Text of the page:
The temporal evolution of RV (Fig. 3, left ) is related to that of EW and FWHM in the sense that the main changes occur almost simultaneously. The detailed relationship between RV and the other two parameters is less readily discerned. For instance, whereas the evolution towards a minimum velocity at [FORMULA] = 0.2 corresponds to an increase of both EW and FWHM, the next blueshift, at [FORMULA]0.37, is accompanied by a decline in the EW and FWHM.

On August 5 the EW variability is more extreme than in the previous night and is characterized by two consecutive peaks. The first peak (interval B) is the highest ([FORMULA]0.92 Å) and lasts for [FORMULA]0.31. The second peak (intervals D-E), with [FORMULA] Å, extends over a shorter interval of phase, [FORMULA]0.18. As on the first night, FWHM generally correlates well with EW.

The RV has a sinusoidal appearance with total amplitude [FORMULA]25 km s-1. A marked positive deviation from this otherwise smooth trend takes place at B, coinciding with the peak in both EW and FWHM. There is another slight deviation at D but in a blueward direction.

We note that, during those phases where the two nights overlap, there is reasonable but not exact agreement between the behaviour of the gaussian parameters.

4.2. H[FORMULA] variability

Since H[FORMULA] is an intrinsically much weaker line, the signal-to-noise of the H[FORMULA] profiles is much less than for H[FORMULA]. In order to aid comparison with H[FORMULA] we have applied the same analysis to the H[FORMULA] profiles. The results are shown in Fig. 4. The intervals of phase used in Sect. 4.1 are retained here. Results are very scattered compared to H[FORMULA], making a detailed comparison very difficult.

[FIGURE] Fig. 4. Temporal evolution of the main gaussian parameters derived from the fits to the H[FORMULA] line profile during the night of August 4th (left ) and the night of August 5th (right ). Details of the plots are as in Fig. 3

Some differences in the H[FORMULA] behaviour on August 4 can be seen in Fig. 4 (left ). The peak of [FORMULA] in B does not exist in H[FORMULA] and only the peak at interval D is seen clearly in the two lines. In addition, [FORMULA] is almost constant as observed in H[FORMULA]. On the other hand, the general trend in RV(H[FORMULA]) is consistent with RV(H[FORMULA]), although absolute values are different.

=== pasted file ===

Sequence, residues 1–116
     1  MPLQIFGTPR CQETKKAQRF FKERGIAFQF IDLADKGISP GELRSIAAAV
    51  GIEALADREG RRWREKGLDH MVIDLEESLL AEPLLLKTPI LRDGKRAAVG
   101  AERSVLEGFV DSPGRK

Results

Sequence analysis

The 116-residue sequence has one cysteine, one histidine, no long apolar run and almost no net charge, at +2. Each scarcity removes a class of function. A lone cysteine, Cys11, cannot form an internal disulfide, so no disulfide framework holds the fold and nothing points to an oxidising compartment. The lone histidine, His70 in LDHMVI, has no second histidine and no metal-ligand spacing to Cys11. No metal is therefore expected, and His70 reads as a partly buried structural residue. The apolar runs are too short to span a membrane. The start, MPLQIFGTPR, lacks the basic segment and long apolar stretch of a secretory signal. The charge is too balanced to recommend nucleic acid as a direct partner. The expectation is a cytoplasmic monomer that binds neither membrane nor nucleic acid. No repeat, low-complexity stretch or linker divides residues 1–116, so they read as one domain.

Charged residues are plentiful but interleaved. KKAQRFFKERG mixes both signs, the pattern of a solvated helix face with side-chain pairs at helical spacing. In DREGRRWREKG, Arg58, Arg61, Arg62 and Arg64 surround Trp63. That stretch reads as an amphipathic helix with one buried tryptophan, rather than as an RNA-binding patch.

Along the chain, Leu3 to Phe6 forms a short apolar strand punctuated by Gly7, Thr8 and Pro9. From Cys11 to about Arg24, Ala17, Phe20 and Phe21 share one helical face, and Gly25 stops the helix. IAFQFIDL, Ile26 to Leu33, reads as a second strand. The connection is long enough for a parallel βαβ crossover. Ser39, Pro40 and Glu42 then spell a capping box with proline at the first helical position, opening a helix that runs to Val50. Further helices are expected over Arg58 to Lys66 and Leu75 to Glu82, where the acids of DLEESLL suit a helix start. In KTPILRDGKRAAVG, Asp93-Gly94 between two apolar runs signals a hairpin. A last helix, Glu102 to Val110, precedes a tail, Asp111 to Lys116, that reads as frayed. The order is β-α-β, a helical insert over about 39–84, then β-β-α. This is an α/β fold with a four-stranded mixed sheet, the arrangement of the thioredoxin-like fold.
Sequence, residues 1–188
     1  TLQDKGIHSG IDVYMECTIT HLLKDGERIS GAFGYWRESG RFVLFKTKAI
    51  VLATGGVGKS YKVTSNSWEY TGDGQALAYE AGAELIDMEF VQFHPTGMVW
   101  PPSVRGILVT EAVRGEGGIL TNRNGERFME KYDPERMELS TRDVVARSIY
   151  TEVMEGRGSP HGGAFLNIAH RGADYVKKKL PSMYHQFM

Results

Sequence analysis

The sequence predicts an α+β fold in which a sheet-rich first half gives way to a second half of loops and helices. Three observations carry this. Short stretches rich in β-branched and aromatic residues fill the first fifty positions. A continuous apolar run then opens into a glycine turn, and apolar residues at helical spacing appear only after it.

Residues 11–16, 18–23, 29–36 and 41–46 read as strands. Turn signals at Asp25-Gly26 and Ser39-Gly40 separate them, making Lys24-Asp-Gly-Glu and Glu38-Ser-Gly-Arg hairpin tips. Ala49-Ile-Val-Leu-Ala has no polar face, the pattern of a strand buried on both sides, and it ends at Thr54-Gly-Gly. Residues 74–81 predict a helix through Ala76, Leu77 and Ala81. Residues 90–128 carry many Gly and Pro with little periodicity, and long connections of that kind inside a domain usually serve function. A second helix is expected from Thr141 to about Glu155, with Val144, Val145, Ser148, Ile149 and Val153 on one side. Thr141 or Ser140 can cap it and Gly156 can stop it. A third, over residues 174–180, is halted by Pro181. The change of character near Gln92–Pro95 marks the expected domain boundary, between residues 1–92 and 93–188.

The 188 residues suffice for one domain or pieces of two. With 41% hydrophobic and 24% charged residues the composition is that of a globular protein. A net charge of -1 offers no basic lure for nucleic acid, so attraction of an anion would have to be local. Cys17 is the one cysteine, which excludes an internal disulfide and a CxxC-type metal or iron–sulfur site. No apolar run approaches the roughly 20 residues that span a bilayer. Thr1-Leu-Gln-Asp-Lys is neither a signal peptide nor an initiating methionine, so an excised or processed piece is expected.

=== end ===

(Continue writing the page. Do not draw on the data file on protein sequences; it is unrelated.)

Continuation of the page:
As in H[FORMULA], the most important features of EW and FWHM variability on August 5 (Fig. 4, right ) are the two large increases seen at intervals A and D, respectively. The peak in interval D is in fact better distinguished in H[FORMULA]. Another sharp increase occurs in F, which is less marked in H[FORMULA]. On the other hand, G is an interval of relative constancy in both lines.

On this night, the H[FORMULA] line centre varies by a relatively larger amount and more symmetrically with respect to zero than H[FORMULA]. This is especially marked in [FORMULA]. The total amplitude of the variations is [FORMULA]30 km s-1. Deviations from the general trend are again seen in intervals B and perhaps D. This reproduces the behaviour observed in H[FORMULA] in a general way but there are important differences of detail. We note at this point that the lack of detailed agreement in RV between H[FORMULA] and H[FORMULA] supports an interpretation in terms of absorption rather than chromospheric mass motions as discussed later (see Sect. 8.1).

As seen in H[FORMULA] the general trends are consistent between the two nights with differences only in detail especially in the RV curves near [FORMULA]0.5.

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© European Southern Observatory (ESO) 1999

Online publication: December 4, 1998